So next I thought about my habits and practices in system change that try and live up to Meadow’s lovely suggestion. I used an image from a session at last year’s International Forum for Visual Practitioner’s session on facilitating community change to jog my mind. Carl Otter has a lot of great experiences to share.

1. Know how to fall down – and GET up again. If I can role model learning through my mistakes, I make the environment safer for my collaborators, clients and colleagues to do the same thing. This does not mean disavowing what we know, but recognizing what we don’t know AND at the same time, not letting either of those things stop us from learning forward into the change. Humility and confidence. And a lot of letting go.

2. Always, always learnto ask better questions, particularly around strategic intent. I used to be great at questions that opened up possibility, but realized I had a lot to learn about questions that helped focus on the strategic intent of change initiatives. I am one of those odd people who loves change and I can lose sight of the goal. In my practice this means being disciplined about not letting someone talking me into doing something with or for them without asking those strategic questions, particularly when it comes to using new technologies and methods. We have a lot of delusions that changing tools means we are changing our systems. Not often the case. I’m still working on this skill of better questions. I think this is more about the disciplined thinking part of Meadow’s recommendation.

3. Find ways to visualize the system. I am pretty new to systems thinking, or thinking about the system rather than just the short term task. But I find we get overwhelmed with trying to get our heads wrapped around the whole system, so anything that helps us sketch and visualize the system helps us then think about how we want to change it. I’m working on the visual practices right now, as well as the thinking ones. This is just simply a practice.

4. Elicit stories. Stories help us make sense of things. They give us lines of sight into others’ perspectives and widen our view of the landscape. They take time. We often want to go fast. I’m learning to design moments for story telling and meaning making into my practice. As a result, there is often less time for benefiting from other traditional learning resources such as papers, etc. There is some tension here, but stories seem to be paying off. I’m still looking for the balance point in any particular context. The corollary is take time for reflection, both personally and as a group. This blog is my personal reflection tool.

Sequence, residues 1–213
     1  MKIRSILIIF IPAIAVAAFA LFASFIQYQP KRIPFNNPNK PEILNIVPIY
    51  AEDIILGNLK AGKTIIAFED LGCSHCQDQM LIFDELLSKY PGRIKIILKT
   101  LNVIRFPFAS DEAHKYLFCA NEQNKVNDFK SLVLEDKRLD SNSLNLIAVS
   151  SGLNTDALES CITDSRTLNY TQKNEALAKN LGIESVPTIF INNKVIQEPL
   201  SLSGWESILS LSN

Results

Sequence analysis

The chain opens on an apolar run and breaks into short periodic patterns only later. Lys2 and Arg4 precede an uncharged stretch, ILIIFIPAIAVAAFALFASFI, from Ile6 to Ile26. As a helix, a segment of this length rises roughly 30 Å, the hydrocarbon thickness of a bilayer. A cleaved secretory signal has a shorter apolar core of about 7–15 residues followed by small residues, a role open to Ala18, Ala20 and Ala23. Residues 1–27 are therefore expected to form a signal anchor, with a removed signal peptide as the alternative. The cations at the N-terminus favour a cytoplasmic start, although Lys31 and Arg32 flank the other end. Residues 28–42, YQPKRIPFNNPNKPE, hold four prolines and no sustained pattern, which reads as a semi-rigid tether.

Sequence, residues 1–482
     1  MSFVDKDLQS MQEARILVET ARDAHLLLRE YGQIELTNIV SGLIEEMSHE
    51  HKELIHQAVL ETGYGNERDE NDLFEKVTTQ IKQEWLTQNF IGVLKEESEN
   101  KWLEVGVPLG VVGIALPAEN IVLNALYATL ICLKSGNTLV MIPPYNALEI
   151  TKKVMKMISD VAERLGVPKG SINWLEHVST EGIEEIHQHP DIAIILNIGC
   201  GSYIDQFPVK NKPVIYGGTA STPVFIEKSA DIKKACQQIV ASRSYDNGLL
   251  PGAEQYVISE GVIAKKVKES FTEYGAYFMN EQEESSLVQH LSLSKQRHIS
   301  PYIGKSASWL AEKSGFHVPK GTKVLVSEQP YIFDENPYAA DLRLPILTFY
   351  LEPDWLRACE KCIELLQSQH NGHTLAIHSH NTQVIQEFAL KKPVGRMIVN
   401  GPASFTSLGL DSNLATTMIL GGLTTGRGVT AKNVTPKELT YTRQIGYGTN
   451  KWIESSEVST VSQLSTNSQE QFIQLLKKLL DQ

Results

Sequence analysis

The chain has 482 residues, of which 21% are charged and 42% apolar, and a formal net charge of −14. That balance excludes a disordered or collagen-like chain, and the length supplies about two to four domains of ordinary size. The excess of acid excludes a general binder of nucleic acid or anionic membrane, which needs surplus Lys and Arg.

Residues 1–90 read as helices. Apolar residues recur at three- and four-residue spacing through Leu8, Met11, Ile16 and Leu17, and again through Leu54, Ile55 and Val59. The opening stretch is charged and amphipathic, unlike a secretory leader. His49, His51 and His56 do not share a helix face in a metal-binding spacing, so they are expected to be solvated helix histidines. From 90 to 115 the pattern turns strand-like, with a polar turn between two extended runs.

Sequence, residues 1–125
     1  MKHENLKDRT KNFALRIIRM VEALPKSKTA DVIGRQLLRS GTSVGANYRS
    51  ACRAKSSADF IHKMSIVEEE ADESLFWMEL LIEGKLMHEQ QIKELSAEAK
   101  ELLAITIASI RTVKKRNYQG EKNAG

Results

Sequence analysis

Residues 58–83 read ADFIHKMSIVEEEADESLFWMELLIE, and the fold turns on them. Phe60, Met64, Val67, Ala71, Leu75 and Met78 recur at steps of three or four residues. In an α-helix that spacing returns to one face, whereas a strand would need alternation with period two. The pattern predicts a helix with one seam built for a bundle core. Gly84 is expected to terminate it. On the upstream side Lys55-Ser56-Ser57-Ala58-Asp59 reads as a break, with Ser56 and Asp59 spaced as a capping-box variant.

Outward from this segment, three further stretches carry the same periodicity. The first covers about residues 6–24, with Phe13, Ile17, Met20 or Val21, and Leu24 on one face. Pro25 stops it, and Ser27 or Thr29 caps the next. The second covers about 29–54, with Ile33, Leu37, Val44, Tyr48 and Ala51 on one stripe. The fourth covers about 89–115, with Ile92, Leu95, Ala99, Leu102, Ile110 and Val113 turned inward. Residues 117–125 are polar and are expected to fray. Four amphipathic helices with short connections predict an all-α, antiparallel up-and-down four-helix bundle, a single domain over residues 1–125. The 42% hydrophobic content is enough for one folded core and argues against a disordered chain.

5. Bring the players into the room. We have this false sense that we know what is going on, for example, “out in the field.” We often don’t. There is a lot of wisdom to tap and honor.

What are your system change practices?

As a side note – Nexus for Change II is coming up where a heap of people will be thinking about whole systems change, if this is a topic that interests you.

Hat tip to Lilia for the link to the Meadows quote. Thanks, sistah! And through a bit of kismet and timing, a related post on Michele Laurie’s blog.

Roger Schwarz on Email Attitude

Roger Schwarz sends out a periodic email called [Fundamental Change] to let folks know about his workshops and such, but always includes a juicy gift. This month he has a great piece on how to use his “Facilitative Leader” approach in email. As I read the good advice I thought that this applies to any online media. Even voicemails left via Skype. Thankfully, Roger also allows reprinting of his material if it is properly attributed. He even tells you how at the end of the email. That is another useful practice to spread your work virally. Thanks, Roger. So here it is, reproduced AND linked back to Roger. By the way, unsolicited plug, Roger’s books are on the “core, easy to reach” part of my bookshelf. The Skilled Facilitator is a must have if you are a facilitator.

Now the good stuff. Please note, this has a different copyright than the rest of my blog posts. Please honor Roger’s choices!

Changing Your Outlook on Email

“How can I use the Facilitative Leader approach in email?”

This is one of the most frequent questions I get from people who attend our workshops. Most of us spend time every day on email and, for some, it’s our main mode of business communication. The good news is that you can apply the same principles and techniques in email that you use in face to face and phone conversations. Here are some tips for making your email communication much more effective: